by columnist Cira Brown
A couple of weeks ago I attended the 41st Annual Museum Computer Network Conference in Montreal, Quebec. A strange name, perhaps, but the organization has been in existence way before personal computers… even before the moonlanding! I was very excited to attend, especially since everything was museum related! It was 5 days of nonstop technology show ‘n’ tell, from both museum staff members and designers and developers from around the world. While I managed to avoid [meta] museum fatigue, it was still a whirlwind experience of learning about countless technological strategies, digital toolsets, education and evaluation frameworks, devices and experiential design.
Museum practice goes hand in hand with The Next Big Thing, and practitioners require an ever-expanding set of skills, many in the technological domain. Sure, we could say that museum people are simply a bunch of nerds, but I’d like to think we’re past branding “new media” as “geek out”-worthy. In fact, while it gets the general point across, I feel the term “new media” has become increasingly vague and meaningless. I feel we’re reaching an inflection point where the media isn’t the predominant message – it’s a means of interpreting and distributing content and engaging with an audience. Effectiveness should trump novelty, and it finally appears to be doing so. Having a dedicated museum app or a touchscreen display in the gallery is wonderful, but these devices need to be held to the same educational litmus tests as their analog counterparts. It is the museum’s role to employ all types of media – “new” and “old” – to meet their educational goals.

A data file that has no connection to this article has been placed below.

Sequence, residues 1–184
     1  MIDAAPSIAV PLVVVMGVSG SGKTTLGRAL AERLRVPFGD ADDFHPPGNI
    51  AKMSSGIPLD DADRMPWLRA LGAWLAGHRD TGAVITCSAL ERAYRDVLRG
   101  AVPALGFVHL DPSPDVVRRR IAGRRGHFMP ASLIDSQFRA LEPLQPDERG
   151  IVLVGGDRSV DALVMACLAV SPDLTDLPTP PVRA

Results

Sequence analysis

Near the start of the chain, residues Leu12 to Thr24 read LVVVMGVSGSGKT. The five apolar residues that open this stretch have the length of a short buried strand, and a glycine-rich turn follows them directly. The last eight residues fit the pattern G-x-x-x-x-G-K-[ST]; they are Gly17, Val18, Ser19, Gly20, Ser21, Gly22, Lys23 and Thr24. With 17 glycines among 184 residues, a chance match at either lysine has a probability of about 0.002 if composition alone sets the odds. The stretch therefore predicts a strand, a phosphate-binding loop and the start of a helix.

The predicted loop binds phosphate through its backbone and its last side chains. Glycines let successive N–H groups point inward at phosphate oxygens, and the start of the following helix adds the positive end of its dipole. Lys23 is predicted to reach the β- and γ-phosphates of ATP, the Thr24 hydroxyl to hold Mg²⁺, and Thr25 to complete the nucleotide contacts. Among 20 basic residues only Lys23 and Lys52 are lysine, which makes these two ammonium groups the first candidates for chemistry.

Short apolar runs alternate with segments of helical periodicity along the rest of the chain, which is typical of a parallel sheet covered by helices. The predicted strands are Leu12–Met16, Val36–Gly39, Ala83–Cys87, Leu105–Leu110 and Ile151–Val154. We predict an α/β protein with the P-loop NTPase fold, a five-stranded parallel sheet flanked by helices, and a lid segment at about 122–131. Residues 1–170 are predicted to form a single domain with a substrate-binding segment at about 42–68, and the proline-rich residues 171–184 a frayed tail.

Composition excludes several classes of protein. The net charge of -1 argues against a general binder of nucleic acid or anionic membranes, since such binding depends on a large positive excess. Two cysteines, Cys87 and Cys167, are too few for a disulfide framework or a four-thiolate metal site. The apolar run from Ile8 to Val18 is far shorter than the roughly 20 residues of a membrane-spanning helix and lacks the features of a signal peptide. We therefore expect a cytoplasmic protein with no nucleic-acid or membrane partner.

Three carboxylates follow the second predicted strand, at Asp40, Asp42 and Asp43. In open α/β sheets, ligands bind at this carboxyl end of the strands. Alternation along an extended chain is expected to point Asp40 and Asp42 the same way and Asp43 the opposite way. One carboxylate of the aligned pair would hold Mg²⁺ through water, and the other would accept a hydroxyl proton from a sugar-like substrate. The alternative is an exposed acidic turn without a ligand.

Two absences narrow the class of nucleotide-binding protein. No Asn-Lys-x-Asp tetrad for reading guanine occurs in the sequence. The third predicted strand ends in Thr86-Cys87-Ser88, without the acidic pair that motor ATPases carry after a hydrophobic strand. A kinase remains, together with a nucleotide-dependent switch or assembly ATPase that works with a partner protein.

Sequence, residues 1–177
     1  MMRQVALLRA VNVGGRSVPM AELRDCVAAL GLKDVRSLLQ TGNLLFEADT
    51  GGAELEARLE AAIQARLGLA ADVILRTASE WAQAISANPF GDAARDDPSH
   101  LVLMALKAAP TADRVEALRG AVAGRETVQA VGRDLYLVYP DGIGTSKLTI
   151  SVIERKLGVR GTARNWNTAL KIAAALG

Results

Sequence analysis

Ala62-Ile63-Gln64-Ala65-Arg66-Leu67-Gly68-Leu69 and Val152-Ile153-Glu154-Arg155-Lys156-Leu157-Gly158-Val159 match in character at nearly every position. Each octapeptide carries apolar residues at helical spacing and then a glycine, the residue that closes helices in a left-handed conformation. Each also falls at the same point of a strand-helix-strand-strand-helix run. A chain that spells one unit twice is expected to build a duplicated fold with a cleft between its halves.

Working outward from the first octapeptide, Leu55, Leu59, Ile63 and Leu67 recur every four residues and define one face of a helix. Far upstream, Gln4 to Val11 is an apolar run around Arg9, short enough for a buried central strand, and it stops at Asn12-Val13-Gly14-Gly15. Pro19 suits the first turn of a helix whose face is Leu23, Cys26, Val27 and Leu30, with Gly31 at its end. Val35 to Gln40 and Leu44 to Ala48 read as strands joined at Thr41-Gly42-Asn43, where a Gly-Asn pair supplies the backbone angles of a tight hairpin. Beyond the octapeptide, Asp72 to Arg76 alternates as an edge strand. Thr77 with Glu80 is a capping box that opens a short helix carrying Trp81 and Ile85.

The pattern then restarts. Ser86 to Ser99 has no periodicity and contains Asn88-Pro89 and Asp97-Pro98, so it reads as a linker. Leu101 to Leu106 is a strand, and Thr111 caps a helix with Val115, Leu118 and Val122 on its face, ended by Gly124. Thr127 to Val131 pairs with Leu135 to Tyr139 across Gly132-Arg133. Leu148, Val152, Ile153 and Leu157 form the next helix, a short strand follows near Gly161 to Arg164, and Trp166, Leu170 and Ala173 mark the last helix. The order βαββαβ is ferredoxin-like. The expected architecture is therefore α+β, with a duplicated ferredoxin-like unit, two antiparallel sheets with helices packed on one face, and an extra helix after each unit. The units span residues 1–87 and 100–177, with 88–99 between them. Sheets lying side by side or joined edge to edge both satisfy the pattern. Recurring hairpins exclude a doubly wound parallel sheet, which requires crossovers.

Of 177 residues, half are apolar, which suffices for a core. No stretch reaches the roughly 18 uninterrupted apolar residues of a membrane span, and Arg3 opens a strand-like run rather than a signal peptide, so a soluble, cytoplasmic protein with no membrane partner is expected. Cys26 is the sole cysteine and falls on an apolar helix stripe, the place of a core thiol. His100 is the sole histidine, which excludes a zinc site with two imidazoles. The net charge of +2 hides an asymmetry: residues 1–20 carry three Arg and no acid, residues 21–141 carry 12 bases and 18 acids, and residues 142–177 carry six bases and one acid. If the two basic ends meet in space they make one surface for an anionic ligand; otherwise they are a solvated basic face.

I found this perspective to be common among those at the MCN conference. The theme of the this year’s conference was, fittingly, Re:Making the Museum, as technology is often cited as the harbinger of change in this field (though when was the last time you saw a museum conference that didn’t implicitly reference change?). However, I think a better summation would have been The Museum Remade (Re:Made?), as I was struck the amount of projects that were not only completed, but accompanied by extensive evaluation and usability data. Surprisingly few proofs of concept or proposals were presented, a shift from conferences held as little as three to four years ago. While there was obviously a sample bias in the population in attendance, I was nonetheless impressed by the apparent degree to which technological initiatives were valued by their host institutions – not only in sponsoring them, but extending their usage into a long-term plan incorporating continued collaboration and evaluation. This investment and valuation of technology in the museum space is essential for its effectiveness. In my next column, I’ll be reviewing one of these “remade” museums, or rather, exhibitions: the newly-opened Hall of Human Life at the Museum of Science here in Boston.